Posted on Friday, September 14th, 2012 by Russ Fischer
James Ellroy contributed to last year’s rather underseen Rampart, and fortunately for those who value his work, there are other adaptations of his novels brewing today. Ellroy is a continued object of desire for producers and directors, as his novels are killer depictions of LA and the occasionally vicious socio-political landscape of the US in general, and his characters are among the most sharply drawn in crime fiction.
Some of those characters, such as Dudley Smith, Ed Exley, and Buzz Meeks, were seen in LA Confidential (a tremendous book and film) and The Black Dahlia (a tremendous book, not so much on film). Those two novels are connected to White Jazz, which Joe Carnahan has wanted to film for years, and The Big Nowhere, which I Am Love director Luca Guadagnino is now signed to make. That announcement came down a few days back, and I mention it mostly because another Ellroy novel is now in development.
The author’s latest novel, Blood’s a Rover, has been opined by VS Entertainment for a film treatment. That’s great news, as more Ellroy is always welcome in my book, but it’s also a strange move as the novel is the third in a trilogy. More info follows.
Deadline had the break on Guadagnino, and now announces Blood’s a Rover, which Vincent Seiber will produce with Clark Peterson, who recently produced Atom Egoyan’s West Memphis Three film Devil’s Knot. Seiber is also working with Alex Proays to develop a film based on Philip K. Dick’s The Unpleasant Profession of Jonathan Hoag, which means he’s not quite a stranger to difficult novel to film adaptations. But Seiber seems to be relatively new as a producer, having just begun his Hollywood career with a PA credit on the first Narnia film. (Proves the old “be nice to every lowly guy on the crew, because eventually they’ll be your producer” rule.)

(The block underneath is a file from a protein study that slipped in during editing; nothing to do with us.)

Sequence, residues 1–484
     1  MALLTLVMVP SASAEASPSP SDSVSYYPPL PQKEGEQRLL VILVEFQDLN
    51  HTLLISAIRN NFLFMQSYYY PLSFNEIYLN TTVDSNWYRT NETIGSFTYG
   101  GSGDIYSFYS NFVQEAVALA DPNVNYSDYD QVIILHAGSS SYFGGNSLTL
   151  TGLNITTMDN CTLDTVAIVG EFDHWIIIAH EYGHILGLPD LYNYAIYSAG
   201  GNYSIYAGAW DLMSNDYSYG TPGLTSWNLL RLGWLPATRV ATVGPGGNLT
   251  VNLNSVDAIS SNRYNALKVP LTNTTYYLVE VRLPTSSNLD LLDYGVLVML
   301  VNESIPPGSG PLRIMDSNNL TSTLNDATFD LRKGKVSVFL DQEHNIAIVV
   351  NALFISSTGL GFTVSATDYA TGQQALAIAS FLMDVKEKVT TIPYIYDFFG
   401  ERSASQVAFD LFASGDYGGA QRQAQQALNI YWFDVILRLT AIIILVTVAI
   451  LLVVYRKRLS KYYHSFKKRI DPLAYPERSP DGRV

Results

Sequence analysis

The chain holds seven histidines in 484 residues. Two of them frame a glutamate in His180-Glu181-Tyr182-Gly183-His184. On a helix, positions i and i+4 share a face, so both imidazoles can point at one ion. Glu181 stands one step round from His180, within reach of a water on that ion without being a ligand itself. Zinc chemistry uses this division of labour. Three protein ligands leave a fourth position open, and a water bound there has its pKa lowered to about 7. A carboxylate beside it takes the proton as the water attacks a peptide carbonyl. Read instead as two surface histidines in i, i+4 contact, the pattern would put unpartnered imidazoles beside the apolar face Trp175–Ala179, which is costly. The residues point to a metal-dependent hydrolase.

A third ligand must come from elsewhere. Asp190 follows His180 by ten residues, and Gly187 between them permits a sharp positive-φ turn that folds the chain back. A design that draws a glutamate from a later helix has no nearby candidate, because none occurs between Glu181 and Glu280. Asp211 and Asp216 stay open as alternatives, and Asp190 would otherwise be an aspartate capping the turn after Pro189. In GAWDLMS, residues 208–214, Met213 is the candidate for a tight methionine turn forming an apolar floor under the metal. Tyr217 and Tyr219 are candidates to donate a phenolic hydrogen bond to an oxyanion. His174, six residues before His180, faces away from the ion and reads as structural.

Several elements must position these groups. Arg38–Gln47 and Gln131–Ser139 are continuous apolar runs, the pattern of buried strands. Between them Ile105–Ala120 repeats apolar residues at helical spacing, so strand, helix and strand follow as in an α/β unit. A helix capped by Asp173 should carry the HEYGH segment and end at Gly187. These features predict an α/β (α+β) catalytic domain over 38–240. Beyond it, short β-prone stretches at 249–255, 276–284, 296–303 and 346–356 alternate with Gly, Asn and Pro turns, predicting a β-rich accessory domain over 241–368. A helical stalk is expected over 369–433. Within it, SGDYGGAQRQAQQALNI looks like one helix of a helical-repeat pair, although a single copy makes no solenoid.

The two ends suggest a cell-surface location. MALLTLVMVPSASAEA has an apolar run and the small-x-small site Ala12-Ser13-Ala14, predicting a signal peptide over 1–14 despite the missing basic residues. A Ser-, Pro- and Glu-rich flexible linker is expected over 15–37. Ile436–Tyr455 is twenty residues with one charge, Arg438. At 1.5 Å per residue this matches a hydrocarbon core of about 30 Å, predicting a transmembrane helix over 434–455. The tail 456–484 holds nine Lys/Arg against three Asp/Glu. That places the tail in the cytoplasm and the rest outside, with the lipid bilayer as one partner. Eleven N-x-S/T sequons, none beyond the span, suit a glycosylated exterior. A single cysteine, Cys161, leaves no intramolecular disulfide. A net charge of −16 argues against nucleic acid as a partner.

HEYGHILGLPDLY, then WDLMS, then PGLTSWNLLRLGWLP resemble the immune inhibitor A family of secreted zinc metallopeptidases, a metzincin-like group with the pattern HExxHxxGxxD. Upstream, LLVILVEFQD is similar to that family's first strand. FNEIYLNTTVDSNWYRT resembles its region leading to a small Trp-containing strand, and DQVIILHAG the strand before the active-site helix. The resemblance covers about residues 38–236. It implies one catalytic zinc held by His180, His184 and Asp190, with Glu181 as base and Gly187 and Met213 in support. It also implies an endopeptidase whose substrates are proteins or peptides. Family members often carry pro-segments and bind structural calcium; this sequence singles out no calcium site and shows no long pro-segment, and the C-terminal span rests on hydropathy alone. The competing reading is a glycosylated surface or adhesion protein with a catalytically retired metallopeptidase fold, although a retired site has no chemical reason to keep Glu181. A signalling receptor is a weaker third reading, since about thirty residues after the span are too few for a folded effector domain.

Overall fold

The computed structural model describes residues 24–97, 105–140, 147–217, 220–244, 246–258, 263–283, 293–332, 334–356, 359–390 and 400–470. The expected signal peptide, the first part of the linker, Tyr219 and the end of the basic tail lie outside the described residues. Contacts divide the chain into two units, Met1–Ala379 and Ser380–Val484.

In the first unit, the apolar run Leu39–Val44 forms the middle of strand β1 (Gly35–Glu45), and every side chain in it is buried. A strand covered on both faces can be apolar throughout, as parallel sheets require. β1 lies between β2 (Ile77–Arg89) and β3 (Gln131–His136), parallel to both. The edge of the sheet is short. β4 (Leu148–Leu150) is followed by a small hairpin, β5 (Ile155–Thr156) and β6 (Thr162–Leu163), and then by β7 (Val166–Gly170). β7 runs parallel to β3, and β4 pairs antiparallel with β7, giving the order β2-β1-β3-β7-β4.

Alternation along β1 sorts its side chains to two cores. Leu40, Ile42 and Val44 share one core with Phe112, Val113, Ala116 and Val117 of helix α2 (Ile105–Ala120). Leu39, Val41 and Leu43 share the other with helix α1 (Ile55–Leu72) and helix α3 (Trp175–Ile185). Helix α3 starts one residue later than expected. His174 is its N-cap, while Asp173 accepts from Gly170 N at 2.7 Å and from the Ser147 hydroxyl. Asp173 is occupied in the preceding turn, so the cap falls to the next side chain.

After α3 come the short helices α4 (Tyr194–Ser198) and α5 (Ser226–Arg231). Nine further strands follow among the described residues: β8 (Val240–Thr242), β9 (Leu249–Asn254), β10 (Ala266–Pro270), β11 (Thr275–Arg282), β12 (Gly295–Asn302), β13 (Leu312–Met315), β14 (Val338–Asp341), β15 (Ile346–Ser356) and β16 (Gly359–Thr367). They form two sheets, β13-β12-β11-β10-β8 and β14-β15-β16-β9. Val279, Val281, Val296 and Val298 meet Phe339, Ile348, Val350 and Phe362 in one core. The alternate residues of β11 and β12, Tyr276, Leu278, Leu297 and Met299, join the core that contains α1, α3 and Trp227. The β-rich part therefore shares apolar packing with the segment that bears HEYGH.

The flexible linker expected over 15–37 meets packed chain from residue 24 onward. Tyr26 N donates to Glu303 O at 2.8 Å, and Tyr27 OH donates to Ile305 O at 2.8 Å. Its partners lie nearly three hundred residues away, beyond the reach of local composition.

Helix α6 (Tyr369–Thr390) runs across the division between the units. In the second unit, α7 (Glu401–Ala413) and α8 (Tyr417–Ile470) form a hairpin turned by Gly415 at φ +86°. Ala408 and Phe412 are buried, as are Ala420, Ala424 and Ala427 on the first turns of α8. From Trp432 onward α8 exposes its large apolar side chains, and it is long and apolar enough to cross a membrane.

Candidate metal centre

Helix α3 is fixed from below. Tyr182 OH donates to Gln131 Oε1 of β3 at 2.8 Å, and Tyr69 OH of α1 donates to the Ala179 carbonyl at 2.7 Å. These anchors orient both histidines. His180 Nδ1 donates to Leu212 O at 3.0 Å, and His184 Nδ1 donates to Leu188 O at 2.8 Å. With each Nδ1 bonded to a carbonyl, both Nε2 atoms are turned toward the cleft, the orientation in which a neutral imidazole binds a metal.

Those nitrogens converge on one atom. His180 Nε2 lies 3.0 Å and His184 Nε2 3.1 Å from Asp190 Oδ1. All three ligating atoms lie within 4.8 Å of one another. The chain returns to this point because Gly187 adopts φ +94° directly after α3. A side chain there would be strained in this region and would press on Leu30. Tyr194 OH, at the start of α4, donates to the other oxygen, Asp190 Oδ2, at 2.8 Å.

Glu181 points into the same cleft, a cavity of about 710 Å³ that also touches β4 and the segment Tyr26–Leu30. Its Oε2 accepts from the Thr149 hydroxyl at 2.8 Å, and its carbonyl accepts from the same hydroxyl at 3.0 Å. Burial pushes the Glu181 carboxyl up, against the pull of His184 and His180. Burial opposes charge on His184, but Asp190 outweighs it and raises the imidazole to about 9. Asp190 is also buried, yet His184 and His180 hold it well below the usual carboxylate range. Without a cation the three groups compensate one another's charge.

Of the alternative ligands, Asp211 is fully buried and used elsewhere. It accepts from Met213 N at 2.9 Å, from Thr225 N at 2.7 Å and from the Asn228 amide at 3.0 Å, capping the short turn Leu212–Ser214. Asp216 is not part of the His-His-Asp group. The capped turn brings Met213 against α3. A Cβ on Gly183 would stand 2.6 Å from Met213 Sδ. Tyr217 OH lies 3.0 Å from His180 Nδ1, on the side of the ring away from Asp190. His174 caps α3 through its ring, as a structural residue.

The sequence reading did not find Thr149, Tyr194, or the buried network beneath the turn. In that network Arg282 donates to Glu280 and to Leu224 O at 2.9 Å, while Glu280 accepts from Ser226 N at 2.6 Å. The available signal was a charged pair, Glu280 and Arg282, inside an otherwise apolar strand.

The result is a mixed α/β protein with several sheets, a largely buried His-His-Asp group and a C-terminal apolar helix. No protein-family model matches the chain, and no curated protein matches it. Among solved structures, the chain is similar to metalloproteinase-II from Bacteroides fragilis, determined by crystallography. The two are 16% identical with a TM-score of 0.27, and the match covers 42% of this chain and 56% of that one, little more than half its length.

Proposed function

Those who’ve read Ellroy’s recent novel, however, will realize that a film based merely on this one novel might have to cut and change a few big things. Blood’s a Rover follows American Tabloid and The Cold Six Thousand, and as such continues Ellroy’s blistering odyssey through the violent evolution of American society and politics, from the Kennedy assassination to the Viet Nam War, the killing of Dr. Martin Luther King, and eventually stopping short of the Watergate scandal.
As the conclusion of Ellroy’s so-called “Underworld USA” trilogy, Blood’s a Rover features characters introduced in the previous two novels, such as the fictional Dwight Holly and Wayne Tedrow, Jr., as well as Ellroy’s particular depictions of Howard Hughes and J. Edgar Hoover and major mob figures that were in power in the ’60s and early ’70s. There’s a core story in the novel that can be told without including many of the ties from the previous two novels — it’s the closest of the three to a standalone story — but the tale of political machinations, mob influence, and illicit use of power would be more rich with all parts intact.
Still, many people, including Ellroy, thought L.A. Confidential was unfilmable, and that worked out just fine. I’m eager to see what creative names are tied to this one, and hope that we’ll eventually see the first two Underworld USA novels on screen in fine form, too.